"My mother used to hammer in my head that I needed to do better than her. She would tell me that 'yuh caan come out to chop banana', and so she would mentor my every fantasy of whatever I said I wanted to be in life," he explained.

He recalled his mother being adamant that he be allowed to sit the Common Entrance in grade five, despite the reluctance of his teachers because he was younger than the other candidates.

Things were tough for the family, as his mother could not even afford to buy him uniforms for him to begin high school.

"I remembered she begged a lady whose son was in fifth form for a pair of pants and because of how skinny I was, the leg of the pants was like a parachute around me," he said, adding, "It didn't matter, because I felt I was able to do better than persons with crisp new pants, because where I was, wasn't as important as where I was looking to go."

Unfortunately, because of the turmoil in his life, Newell's grades started going downhill in the second year of high school, and the decision was made to have him transferred to Titchfield High in Portland. However, by the time he got to Titchfield his grades had deteriorated so much that he was placed in the same class as students who were unsuccessful in the Common Entrance.

His mother, he said, had a grand plan to save enough money to get away from the abusive situation, but he was not prepared for the day when she did.

"I was living by my aunt and was in the ninth or 10th grade when she told me one day that my mother had ran away. My mother would always give hints and say things like 'I feel like just run and leave all of you', and she had said it so often but I didn't know that she meant she would just up and disappear," he said.

That, Newell recalled, was a devastating period in his life, given the close relationship he shared with his mother.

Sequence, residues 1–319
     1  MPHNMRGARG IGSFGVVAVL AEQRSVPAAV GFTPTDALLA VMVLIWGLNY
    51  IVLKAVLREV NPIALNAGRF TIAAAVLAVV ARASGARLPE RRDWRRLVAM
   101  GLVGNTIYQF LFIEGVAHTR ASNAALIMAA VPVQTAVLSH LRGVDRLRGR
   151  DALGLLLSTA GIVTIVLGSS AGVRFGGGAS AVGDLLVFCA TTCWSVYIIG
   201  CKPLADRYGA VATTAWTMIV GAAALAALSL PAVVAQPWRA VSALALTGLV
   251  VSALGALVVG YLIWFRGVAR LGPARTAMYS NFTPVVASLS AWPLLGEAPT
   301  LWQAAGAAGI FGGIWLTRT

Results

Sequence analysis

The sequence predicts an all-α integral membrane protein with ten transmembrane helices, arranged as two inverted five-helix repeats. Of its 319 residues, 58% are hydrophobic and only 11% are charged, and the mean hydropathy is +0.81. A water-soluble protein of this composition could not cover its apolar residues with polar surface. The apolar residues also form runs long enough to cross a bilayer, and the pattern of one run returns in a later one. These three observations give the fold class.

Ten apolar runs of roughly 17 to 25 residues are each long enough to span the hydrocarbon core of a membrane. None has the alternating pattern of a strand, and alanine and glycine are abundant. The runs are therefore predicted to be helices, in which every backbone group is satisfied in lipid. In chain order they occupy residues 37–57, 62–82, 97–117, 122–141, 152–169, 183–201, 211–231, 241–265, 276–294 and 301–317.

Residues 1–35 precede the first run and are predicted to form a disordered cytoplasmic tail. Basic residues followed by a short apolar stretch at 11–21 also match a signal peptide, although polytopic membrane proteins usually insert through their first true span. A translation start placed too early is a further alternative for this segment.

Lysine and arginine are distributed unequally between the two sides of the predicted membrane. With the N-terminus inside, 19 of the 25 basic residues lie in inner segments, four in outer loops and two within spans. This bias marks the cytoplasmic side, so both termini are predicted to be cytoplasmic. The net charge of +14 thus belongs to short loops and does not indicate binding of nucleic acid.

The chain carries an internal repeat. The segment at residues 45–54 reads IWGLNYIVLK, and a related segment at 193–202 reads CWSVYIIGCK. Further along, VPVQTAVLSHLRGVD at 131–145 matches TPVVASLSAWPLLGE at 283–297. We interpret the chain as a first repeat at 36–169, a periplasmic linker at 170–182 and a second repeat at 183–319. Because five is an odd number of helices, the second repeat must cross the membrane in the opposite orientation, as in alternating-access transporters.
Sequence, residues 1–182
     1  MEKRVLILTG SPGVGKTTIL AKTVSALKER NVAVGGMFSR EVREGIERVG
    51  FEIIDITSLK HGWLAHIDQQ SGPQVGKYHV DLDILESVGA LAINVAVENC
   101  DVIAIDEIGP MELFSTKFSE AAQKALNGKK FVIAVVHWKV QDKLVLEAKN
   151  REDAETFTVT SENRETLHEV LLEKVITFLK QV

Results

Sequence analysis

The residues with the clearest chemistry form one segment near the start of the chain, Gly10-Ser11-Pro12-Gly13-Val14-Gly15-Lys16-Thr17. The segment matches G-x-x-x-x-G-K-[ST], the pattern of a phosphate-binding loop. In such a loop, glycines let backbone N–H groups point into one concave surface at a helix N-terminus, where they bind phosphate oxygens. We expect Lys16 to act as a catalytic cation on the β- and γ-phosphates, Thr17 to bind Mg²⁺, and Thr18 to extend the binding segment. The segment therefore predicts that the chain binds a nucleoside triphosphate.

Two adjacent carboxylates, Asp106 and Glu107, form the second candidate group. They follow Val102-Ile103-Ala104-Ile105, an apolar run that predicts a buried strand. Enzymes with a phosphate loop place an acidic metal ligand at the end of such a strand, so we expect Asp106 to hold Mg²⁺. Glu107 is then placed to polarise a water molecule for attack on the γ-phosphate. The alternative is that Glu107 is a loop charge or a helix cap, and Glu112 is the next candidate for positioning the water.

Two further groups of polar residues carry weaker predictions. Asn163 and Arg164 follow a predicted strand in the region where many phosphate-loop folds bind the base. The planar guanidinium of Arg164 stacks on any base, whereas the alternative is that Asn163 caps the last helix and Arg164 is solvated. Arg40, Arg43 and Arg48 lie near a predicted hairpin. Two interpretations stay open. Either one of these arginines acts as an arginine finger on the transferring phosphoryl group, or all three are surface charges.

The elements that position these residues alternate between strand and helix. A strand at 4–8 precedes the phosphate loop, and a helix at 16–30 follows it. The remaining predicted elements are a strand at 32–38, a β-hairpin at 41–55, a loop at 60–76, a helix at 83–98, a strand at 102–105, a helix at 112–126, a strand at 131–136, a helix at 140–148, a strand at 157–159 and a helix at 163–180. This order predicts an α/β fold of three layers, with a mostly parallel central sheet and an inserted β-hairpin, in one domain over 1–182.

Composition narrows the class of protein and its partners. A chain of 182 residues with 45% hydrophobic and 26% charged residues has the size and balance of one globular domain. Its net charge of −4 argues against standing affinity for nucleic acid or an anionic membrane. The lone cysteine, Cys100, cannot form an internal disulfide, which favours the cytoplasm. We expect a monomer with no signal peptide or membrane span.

"I was upset that she ran away and didn't tell me," he said, explaining that his mother simply disappeared, abandoning even a small salon she had been operating in Highgate.

She was gone for a year and a half before he finally got a number and went in search of her in Clarendon where she had been living.

"It was so good seeing her because, for my formative years, my mother acted as both my mom and dad and that was why I was so upset when she ran away without telling me," he said, adding, "but I understood that she just couldn't deal with the abuse and the insecurity."

With his mother out of his life, and in a bid to create a second family, Newell became part of a group at Titchfield who dubbed themselves the Bulla Crew. Also, in an effort not to focus on what was happening in his life, he got involved in a lot of extra-curricular activities to create distractions to the detriment of his school work.

By fifth form, only five teachers would recommend him for CXC. He recalled that the turning point was when a teacher, Orton Manahan, had a discussion with him and some other boys about the path their lives were taking.

Yet another teacher, Miss Roper, called his aunt to complain that he had not done his School-Based Assessment (SBA) for a subject and would therefore not be allowed to sit that exam if it was not completed.

"I remember it was a Sunday and my aunt did not allow me to eat dinner that day until I did it, and so I completed the SBA in one day and got a B and I thought how much more I could have got if I had done it before then," he said.

At the end of fifth form, he graduated from Titchfield with four subjects and then came the question as to where to go from there. His only option was to go and work with his father, Lloyd, who was then a sub-contractor for a biscuit company.

When his father migrated and the business later folded, Newell resorted to whatever work he could find, which included being a door-to-door salesman.

"One day I was down to my last pair of shoes and I was living off Waltham Park Road by this, and I was going home in a bus when a gunman held me up and stole all the money. I went home and I thought about it and realised this wasn't working out," he explained.